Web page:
Regulator or straw man? MFSA shifts responsibility to PwC in aftermath of €6.2m Maltese Cross demise

In today’s world of electronic trading, whereby companies providing online financial products to a retail audience are not only entrusted with the execution of orders but also the handling of client funds, regulatory coverage is paramount.

Just a month ago, LeapRate examined the differences between regulatory authorities and the methodology by which they protect client interests, by detailing the modus operandi of financial markets operators in parts of the world which are home to many FX firms.

With the continuing advancements in brokerage services has come equally sophisticated regulatory structures, with Britain, North America and Australia being renowned worldwide for excellent practice and customer protection.

These are long-established jurisdictions, with a historic and well developed financial markets economy, but what about newer jurisdictions whose national regulators are aiming to attract financial services firms to their shores?

Cyprus was in this category just a few years ago, and is now home to over 150 FX companies due to its European Union membership and regulatory passporting facility, plus relative ease of licensing and comprehensive support for retail firms.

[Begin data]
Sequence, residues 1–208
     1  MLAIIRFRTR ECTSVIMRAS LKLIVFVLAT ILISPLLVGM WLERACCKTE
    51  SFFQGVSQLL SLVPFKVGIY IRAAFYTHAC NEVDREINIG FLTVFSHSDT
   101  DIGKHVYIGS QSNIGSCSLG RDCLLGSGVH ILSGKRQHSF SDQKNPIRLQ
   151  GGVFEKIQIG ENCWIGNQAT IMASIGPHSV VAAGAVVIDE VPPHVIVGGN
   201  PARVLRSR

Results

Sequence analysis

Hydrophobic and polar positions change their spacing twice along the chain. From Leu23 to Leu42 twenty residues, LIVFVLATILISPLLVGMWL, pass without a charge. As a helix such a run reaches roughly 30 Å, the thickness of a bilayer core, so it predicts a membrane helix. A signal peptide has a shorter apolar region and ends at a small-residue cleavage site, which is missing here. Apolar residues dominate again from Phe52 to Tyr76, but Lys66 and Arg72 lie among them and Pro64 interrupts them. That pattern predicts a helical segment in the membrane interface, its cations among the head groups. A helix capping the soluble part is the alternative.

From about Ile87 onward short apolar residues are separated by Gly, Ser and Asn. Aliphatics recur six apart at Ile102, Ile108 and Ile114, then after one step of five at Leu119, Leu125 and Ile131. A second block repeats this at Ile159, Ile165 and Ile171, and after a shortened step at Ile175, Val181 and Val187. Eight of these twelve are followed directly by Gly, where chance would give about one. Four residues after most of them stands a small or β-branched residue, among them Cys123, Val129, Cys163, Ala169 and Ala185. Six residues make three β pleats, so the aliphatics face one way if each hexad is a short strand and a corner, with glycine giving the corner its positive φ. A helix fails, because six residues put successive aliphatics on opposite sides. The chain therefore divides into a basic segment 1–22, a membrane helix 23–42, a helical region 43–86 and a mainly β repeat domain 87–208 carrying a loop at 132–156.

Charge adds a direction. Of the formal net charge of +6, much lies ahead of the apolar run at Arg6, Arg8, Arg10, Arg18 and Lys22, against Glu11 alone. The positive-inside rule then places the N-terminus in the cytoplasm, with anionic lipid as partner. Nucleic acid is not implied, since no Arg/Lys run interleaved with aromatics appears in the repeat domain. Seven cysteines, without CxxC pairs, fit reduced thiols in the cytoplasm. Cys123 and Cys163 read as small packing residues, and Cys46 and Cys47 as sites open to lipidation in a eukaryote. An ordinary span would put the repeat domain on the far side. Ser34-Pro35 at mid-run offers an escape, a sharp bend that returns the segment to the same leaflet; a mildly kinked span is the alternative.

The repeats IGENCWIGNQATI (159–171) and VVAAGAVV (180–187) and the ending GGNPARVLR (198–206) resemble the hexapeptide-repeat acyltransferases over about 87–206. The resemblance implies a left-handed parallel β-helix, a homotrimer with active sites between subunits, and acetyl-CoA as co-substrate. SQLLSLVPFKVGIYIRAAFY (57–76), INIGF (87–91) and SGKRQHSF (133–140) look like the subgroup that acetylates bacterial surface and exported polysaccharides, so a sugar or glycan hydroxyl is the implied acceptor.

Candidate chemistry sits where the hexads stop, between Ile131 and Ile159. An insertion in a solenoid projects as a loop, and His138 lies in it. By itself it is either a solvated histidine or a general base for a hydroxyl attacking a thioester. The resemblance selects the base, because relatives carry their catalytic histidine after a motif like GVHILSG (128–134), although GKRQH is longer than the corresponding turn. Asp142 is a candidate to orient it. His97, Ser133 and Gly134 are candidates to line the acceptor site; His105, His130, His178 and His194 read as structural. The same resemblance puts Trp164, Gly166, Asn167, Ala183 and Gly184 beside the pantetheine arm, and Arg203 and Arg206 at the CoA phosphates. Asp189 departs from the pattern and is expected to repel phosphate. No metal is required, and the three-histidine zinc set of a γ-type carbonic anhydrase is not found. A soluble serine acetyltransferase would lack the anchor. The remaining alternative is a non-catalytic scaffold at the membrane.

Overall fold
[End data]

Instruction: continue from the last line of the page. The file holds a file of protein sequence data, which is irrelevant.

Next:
Following Cyprus’ lead is Malta, whose national financial regulator, the Maltese Financial Services Authority (MFSA), has emulated Cypriot authority CySec in setting out a structure within which retail firms can locate their operations in Malta and legitimately attract a European, and even global, audience.

Few FX firms have made their way to Malta, however today’s report by Malta Today that the MFSA has rebutted accusations of gross negligence in its supervision of Malta Cross Financial Services, by putting the responsibility on auditors PricewaterhouseCoopers, the external auditors of Maltese Cross, who green-lit the financial services firm’s annual returns.

In terms of investor confidence, it would be reasonable to expect that a regulatory authority would take the appropriate action against a company and its directors in the case that something should go awry to the detriment of the customer, in a similar vein to the methods used in North America whereby large capital adequacy requirements are stipulated, and transgressions of the law which result in customer losses are punishable by lengthy court cases which often lead to multi-million dollar fines and the seizure of assets in order to pay restitution to customers.

Not so the MFSA.